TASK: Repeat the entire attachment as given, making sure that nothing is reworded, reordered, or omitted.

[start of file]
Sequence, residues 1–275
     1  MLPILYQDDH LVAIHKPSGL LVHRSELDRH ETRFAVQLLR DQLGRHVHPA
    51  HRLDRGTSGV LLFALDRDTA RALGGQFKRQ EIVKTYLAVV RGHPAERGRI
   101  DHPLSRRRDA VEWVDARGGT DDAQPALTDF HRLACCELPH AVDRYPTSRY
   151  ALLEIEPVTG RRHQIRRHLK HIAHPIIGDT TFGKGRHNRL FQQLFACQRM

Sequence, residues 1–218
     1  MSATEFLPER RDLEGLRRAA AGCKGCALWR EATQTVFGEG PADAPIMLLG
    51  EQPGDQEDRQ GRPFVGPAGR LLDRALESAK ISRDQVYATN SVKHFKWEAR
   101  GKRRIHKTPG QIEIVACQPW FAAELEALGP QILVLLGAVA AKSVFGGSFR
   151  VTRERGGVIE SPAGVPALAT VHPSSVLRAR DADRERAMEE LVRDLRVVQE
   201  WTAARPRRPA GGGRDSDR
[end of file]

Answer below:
Sequence, residues 1–275
     1  MLPILYQDDH LVAIHKPSGL LVHRSELDRH ETRFAVQLLR DQLGRHVHPA
    51  HRLDRGTSGV LLFALDRDTA RALGGQFKRQ EIVKTYLAVV RGHPAERGRI
   101  DHPLSRRRDA VEWVDARGGT DDAQPALTDF HRLACCELPH AVDRYPTSRY
   151  ALLEIEPVTG RRHQIRRHLK HIAHPIIGDT TFGKGRHNRL FQQLFACQRM

Sequence, residues 1–218
     1  MSATEFLPER RDLEGLRRAA AGCKGCALWR EATQTVFGEG PADAPIMLLG
    51  EQPGDQEDRQ GRPFVGPAGR LLDRALESAK ISRDQVYATN SVKHFKWEAR
   101  GKRRIHKTPG QIEIVACQPW FAAELEALGP QILVLLGAVA AKSVFGGSFR
   151  VTRERGGVIE SPAGVPALAT VHPSSVLRAR DADRERAMEE LVRDLRVVQE
   201  WTAARPRRPA GGGRDSDR